Coach Perlman said...

I read the initial comment and your follow up comment, and I'm not sure what "a fan" was trying to say, but I do think I can understand some of it, and respond to your last comment "I'm not sure what your point is about the Japanese batting statistics. Shouldn't that affect all pitchers more or less equally?"


In Japan the parks have all dirt infields, therefore contact and speed are more desired than power. A power hitter is likely to hit more fly balls which leads to a high percentage of outs. Ground ball hitters will bat into a much larger percentage of outs in the US than in Japan, because the all dirt infields are faster( more like artificial turf but even faster.) Infielders play deeper to cut off more balls so more fly balls behind the infield are caught, and speed players like Ichiro are able to beat out more hits, and reduce the number of double plays. Ground ball pitchers have much less of an advantage in my opinion in Japan than in the US or Dominican where the fields are grass.

As for Juan, what made him effective was his ability to keep the ball on the ground and in the ballpark, giving up very few hard hit fly balls. I would guess that the same batted balls he allowed would in Japan probably translate into fewer outs than on a grass field.

I also assume that in a country where contact is encouraged over the homerun ball, Juan and his downward movement would not have held even the IBL batters to a .160average on a dirt infield.

As for the minor leagues, yes there are replacement players who move in and out of all levels of ball - (not in the colleges while on a college team they often have a much larger roster with players who can be added to an active roster). There are many independent teams, and a pool of free agents who can be added at any time if a team needs a particular player. Someone like Raymundo who batted .300 at AAA might be released because another younger prospect with a larger signing bonus is moved up, and another organization might sign him to a A league contract as a role model for younger players, or to help a team increase attendance.

I agree with you " The level of play in the league is determined by how the players who actually get playing time perform on the field." That being said, I feel our starting team for the Blue Sox could play a AA team and be competetive, but over the course of a series, we would not be able to match that level, because our bench was no where near strong enough, and doesn't compare. Overall, there is too large of a range of skills to provide a level of play. Next season will provide a better guage.

Keep writing, I love your analysis, just be kind when you rank the pitchers. I personally feel responsible for getting Eladio signed by the Yankees - I think I gave up 6HR and 12RBIs Rodriguez and Paulino combined! Take them out, and I had a pretty good season. Maybe you can just rank me with the Over 40 pitchers.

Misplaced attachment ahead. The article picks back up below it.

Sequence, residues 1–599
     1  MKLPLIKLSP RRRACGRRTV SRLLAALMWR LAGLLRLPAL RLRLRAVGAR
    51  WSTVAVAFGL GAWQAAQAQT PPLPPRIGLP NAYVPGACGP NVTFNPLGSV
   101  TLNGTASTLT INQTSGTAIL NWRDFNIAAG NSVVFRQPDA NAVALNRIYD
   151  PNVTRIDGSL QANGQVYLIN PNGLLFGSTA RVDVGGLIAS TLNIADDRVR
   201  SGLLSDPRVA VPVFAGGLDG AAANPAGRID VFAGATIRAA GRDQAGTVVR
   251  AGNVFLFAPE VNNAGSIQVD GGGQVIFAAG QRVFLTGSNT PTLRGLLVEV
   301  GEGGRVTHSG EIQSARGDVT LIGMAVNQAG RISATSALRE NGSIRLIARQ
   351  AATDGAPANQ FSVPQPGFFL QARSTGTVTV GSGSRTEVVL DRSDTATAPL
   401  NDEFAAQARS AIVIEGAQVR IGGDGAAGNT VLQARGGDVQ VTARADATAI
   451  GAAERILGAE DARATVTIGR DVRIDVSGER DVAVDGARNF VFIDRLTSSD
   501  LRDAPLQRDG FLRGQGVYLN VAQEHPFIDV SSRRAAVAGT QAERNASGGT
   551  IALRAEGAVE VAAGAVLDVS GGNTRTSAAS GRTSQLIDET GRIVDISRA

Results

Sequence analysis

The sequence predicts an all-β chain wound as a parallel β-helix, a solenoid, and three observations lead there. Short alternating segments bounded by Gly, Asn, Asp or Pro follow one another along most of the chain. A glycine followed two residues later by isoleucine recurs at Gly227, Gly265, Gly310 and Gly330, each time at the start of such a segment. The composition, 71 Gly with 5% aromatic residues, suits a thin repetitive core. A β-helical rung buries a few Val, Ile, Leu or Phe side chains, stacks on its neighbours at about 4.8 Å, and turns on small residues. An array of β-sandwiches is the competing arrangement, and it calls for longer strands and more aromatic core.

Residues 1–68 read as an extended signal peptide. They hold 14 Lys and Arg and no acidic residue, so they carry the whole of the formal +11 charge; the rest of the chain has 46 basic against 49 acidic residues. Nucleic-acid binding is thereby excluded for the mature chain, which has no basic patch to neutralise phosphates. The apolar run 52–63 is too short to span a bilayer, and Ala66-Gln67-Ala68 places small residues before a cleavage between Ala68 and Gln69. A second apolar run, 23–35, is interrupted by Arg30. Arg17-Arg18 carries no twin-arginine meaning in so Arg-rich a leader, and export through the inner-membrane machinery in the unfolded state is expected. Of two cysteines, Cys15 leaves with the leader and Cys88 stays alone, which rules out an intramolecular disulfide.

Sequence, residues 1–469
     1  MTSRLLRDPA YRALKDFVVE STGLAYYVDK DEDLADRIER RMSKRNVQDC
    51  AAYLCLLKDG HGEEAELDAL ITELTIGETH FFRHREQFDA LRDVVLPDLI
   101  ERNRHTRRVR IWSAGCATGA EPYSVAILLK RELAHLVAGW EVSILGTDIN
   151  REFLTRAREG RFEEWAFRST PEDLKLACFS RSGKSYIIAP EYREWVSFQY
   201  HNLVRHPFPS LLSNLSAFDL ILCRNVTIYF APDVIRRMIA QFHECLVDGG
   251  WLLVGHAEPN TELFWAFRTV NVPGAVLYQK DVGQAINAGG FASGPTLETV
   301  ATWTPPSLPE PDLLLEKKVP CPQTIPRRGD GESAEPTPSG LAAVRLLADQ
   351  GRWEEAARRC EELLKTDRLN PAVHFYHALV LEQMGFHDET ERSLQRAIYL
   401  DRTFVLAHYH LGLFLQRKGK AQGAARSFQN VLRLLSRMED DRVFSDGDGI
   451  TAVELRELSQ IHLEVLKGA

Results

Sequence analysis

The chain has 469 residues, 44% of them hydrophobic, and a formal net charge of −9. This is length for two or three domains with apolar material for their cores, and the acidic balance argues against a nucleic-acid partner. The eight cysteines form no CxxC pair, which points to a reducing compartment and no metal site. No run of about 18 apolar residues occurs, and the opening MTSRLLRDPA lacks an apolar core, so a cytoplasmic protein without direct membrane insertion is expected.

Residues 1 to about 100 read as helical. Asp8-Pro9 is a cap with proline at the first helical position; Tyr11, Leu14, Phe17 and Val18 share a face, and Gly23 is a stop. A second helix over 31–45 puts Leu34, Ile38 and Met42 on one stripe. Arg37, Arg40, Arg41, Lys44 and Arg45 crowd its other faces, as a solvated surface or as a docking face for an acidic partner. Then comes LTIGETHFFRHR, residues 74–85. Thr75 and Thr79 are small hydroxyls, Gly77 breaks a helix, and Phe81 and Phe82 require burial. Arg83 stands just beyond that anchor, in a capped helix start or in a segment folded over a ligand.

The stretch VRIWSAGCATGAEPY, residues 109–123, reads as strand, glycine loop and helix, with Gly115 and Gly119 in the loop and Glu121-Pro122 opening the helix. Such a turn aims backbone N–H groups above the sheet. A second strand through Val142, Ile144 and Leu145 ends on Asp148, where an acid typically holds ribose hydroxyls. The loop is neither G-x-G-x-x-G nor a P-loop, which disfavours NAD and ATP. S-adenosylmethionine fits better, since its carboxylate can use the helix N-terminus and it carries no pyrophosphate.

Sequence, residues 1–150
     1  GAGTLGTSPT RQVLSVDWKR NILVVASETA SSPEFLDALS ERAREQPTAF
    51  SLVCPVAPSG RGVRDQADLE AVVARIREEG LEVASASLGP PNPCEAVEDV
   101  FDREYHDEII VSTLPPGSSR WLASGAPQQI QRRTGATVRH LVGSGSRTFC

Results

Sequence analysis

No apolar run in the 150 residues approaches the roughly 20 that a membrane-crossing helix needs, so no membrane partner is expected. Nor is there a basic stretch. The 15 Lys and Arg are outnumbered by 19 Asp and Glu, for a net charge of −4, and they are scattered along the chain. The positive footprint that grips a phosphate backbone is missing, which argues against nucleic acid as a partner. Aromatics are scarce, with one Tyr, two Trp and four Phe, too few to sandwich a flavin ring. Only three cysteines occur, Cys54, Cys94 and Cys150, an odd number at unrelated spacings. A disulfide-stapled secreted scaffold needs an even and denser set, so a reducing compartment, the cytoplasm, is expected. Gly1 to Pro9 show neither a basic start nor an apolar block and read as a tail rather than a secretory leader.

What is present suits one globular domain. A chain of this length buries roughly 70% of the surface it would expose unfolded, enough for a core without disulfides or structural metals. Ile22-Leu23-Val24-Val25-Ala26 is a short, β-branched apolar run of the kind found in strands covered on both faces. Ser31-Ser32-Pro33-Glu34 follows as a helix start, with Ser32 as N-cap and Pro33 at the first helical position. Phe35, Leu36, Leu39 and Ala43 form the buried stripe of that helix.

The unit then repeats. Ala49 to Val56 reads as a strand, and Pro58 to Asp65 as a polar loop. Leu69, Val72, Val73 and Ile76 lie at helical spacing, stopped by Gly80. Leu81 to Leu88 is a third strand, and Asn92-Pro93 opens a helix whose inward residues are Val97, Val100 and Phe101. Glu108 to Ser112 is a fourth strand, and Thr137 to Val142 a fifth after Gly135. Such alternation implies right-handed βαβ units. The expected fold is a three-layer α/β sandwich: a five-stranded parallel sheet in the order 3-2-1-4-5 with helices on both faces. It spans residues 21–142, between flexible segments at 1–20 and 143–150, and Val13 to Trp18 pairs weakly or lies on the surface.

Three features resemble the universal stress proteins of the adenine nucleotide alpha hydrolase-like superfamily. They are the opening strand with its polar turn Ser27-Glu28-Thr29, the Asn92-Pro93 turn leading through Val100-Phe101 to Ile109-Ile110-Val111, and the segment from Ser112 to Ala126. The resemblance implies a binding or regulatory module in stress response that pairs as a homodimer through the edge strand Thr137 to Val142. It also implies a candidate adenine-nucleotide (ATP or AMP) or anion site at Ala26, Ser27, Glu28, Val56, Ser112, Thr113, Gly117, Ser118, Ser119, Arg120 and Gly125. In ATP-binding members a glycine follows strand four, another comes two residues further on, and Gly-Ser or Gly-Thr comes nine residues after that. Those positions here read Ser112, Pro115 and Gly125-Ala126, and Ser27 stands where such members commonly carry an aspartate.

Thanks!

iblemetrician said...

Coach,

Thanks again for your insights.

Regarding the Japanese infields, your ultimate point is that being a groundball pitcher is a liability in Japan, since it generates more base hits, while it's an advantage in Gezer since it prevents home runs. So Feliciano could have been ineffective in Japan because he's a groundball pitcher, not because he pitched poorly.

I don't have groundball/flyball stats for Japan, but I think I can safely refute the claim that Feliciano's problem in Japan was in giving up too many groundballs.

First, as I pointed out in my latest post, he was one of the worst in the league in strikeout rate.

Second, it turns out he was also one of the worst in home run rate. He gave up a home run in 5.7% of at bats, ranking 53 out of the 54 qualifying relievers. League average was 2.7%.

In fact the FIP stat I cited in the latest post includes only homers, strikeouts and walks - nothing that would be affected by hits on balls in play. And Juan ranked lowest among the Japanese relievers.

So whatever it was that failed him in Japan, it wasn't the fault of dirt infields.

You make a good point about the depth of the bench in the IBL, and maybe I'll look at that more closely some time.

I'm not looking to be cruel or kind to anyone. I'm trying to let the numbers take me where they want to lead me. Personally, I think the contingent of older players added to the IBL's quirky charm.

Coach Perlman said...

I haven't looked at his stats from Japan either, and the only experience I have working with Juan was in Israel. I was surprised to see that he gave up so many homeruns in Japan, but I also know that when a pitcher throws one way and it doesn't work, he will often change his style, so a pitcher might change his pattern, avoiding a sinker and using a 4 seam fastball more, in order to try and be more effective. When a player pitches away from his strength, he usually ends up paying for it with homeruns. Tom Glavine went through a period like this when the umpires were instructed to call the strike zone differently in the majors, and he had to throw inside more, and was not getting calls on the outside corner - pitching away from his strength. I have no way of knowing if this is what happened, but I speculate that it might have been the case. I also agree that if he was a reliever, he was misused in Japan, as he is usually up in the zone for his first inning of work, and usually starts to control the bottom of the strike zone during inning #2.